“You think you have it bad…I’ve only slept 15 hours since Monday because of this pitch,” I recall “casually” dropping to a coworker on Friday afternoon.
“We collectively engage in society-wide mixed messaging. Although we profess that health, relationships, families, communities and ‘work-life balance’ are important, we simultaneously reward and admire people for engaging in imbalanced behavior,” writes Stanley. “We reinforce this imbalance in the workplace by setting unrealistic deadlines for ourselves and our subordinates. Giving the bonus to the dysregulated workaholic or the anxious, micromanaging supervisor.”
This is exactly the message that I received over and over in my career. If you work harder, you make more money. If you handle the intolerable client that no one else can, then you get a promotion. The implicit message was that I would never climb the ladder or get ahead if I took time for myself and set healthy, appropriate boundaries.
“You ‘obviously’ must take care of yourself, but you really need to deliver exceptional results to this demanding client with an understaffed team.”
It was made to appear to be a bargain. As a dedicated corporate climber and habitual people pleaser, I bought this Faustian bargain hook, line and sinker. I set my sights on career success and began running as fast as I could.
Coping with the Stress
I used to “try” to make healthy commitments outside of the office. I was so mentally drained that the gym was never really a possibility in my mind. But I do remember racing uptown to make it to therapy every Thursday and then racing across Central Park to keep working until I hit the bed.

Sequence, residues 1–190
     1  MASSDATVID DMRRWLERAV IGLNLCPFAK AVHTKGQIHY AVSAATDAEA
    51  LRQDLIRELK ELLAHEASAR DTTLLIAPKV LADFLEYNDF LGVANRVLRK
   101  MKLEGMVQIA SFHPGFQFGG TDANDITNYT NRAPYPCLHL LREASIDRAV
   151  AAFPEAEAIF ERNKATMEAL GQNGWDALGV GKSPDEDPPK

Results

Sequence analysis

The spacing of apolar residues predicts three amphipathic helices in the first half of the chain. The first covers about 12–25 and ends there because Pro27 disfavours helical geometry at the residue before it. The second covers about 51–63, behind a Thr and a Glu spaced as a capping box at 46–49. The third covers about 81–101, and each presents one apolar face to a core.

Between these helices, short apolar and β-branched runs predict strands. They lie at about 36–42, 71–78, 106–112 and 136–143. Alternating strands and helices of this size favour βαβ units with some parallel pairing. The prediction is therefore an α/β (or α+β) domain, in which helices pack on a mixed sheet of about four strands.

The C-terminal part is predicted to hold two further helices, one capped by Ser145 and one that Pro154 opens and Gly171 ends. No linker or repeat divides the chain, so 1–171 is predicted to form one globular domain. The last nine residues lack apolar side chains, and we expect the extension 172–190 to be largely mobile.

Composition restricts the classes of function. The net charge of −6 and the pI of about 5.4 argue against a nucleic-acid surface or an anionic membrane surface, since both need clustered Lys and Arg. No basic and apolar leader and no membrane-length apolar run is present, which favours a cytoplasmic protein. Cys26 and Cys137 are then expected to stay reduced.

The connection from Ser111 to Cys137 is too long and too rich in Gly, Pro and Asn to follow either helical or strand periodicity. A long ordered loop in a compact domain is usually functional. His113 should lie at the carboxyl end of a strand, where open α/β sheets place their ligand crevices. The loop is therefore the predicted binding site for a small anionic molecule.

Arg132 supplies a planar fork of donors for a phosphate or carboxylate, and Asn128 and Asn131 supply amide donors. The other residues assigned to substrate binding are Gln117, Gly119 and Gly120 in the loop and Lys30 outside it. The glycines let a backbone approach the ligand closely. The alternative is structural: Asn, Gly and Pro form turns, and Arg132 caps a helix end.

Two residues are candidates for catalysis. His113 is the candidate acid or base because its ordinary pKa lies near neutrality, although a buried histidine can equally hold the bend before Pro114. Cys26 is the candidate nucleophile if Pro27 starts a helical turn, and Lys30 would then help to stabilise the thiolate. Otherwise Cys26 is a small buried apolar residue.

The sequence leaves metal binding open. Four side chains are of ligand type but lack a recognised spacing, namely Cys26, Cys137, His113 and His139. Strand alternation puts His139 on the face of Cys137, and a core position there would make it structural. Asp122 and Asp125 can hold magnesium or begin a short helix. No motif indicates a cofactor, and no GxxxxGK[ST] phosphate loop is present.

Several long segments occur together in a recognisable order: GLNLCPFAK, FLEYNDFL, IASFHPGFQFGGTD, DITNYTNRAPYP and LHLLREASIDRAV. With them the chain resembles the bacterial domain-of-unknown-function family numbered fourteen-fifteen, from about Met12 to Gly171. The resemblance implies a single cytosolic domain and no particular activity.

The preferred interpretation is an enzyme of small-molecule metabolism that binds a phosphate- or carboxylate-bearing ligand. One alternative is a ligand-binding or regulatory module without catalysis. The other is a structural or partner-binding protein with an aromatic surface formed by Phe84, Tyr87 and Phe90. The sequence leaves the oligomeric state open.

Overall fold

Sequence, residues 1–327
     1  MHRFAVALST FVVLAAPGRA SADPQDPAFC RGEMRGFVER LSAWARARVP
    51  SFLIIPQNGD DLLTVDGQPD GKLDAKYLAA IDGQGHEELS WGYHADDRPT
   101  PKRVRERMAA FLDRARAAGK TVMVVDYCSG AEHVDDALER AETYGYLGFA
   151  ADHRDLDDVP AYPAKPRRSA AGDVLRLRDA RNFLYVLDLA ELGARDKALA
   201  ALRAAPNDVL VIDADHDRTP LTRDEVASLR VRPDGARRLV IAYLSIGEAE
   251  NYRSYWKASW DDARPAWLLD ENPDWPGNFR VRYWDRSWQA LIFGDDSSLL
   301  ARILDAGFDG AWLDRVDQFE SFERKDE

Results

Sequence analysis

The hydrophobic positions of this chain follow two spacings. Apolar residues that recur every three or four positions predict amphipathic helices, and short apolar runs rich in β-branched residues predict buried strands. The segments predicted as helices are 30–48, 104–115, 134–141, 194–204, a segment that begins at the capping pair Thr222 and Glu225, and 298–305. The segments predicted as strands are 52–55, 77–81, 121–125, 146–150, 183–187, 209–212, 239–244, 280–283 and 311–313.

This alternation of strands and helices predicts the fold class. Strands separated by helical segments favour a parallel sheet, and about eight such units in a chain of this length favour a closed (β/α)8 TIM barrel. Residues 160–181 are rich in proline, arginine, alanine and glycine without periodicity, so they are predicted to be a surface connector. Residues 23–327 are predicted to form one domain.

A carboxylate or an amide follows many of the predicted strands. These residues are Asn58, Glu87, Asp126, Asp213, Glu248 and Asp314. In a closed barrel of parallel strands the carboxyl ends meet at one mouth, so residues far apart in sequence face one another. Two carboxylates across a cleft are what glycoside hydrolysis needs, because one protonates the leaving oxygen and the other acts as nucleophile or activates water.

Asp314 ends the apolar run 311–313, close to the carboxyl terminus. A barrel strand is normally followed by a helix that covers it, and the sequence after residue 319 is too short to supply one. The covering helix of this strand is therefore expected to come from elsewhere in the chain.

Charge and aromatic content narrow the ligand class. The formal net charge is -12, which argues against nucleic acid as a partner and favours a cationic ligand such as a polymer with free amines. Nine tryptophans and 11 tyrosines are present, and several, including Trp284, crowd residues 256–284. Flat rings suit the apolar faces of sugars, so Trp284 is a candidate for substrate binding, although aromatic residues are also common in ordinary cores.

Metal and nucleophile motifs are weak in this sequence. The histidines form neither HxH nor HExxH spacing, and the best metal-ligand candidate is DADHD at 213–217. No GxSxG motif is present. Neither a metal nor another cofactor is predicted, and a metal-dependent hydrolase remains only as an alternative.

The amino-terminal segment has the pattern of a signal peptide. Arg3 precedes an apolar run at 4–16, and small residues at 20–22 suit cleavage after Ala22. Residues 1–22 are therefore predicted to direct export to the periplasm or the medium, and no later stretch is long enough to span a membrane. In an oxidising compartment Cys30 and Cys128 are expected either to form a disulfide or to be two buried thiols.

If I actually made it to therapy on time, which was rare, I wasn’t really cognitively there. I’d usually spend the first half hour of my 45-minute session complaining about the latest unfair experience at the office. It was the same for any personal engagement that I rushed from the office to make.
It was a dark period in my life, but I had become so used to the grind that it began to seem normal. While that’s what my thinking brain was telling me, underneath it all, my anxiety was in a state of constant overdrive, slowly doing damage to my body and my mind.
In attempt to recover from the constant onslaught of stress and anxiety, we can very easily seek quick fixes during our limited downtime — turning to alcohol, drugs, food or whatever else we can find to numb ourselves.
The problem is that these negative coping behaviors ultimately end up leaving our bodies in worse physical conditions and increasing our anxiety levels over time. I self-medicated for many years with alcohol, progressively increasing the regularity and volume. I had no idea that I was actually elevating my anxiety levels until it had long since stopped being effective.
“Success” Not Worth the Sacrifice
After breaking down and building myself back up, I can say that I am much wiser and more self-aware. My experiences were not a complete waste of my time. I learned many useful skills, and I learned what I’d like to avoid for the rest of my life.
I’m no longer willing to sacrifice my personal freedom, health and mental well-being for fancy titles or money. Neither of those things will bring me happiness anyway. Slowing down and giving myself time to make conscious, intentional decisions has done more for my happiness than anything else.
The badge of busyness as an indicator of success is frankly just false. It’s part of a narrative we are sold growing up — one that many companies are all too willing to exploit for their own gain.
If you’re too busy all the time and you feel like you never have time to breathe, it’s not a sign of deficiency or weakness. It’s a warning signal to slow down. It’s an indication that you’re not happy managing your responsibilities as they currently stand.
As we begin to come out of our various quarantine restrictions and return to semi-regular life, do yourself a favor and, just this once, don’t push through the pain. Don’t swallow down the stress, as though you’re overreacting.
Take the time to ask yourself honestly whether or not the frantic pace of life is doing you any good. When we’re always busy worrying about everyone else, it can be very hard to listen to ourselves.